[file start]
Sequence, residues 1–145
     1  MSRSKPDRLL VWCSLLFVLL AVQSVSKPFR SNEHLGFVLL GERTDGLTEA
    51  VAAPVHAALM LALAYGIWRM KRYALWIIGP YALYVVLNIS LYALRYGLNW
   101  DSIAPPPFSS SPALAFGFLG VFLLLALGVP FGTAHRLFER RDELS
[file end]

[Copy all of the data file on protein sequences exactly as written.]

Sequence, residues 1–145
     1  MSRSKPDRLL VWCSLLFVLL AVQSVSKPFR SNEHLGFVLL GERTDGLTEA
    51  VAAPVHAALM LALAYGIWRM KRYALWIIGP YALYVVLNIS LYALRYGLNW
   101  DSIAPPPFSS SPALAFGFLG VFLLLALGVP FGTAHRLFER RDELS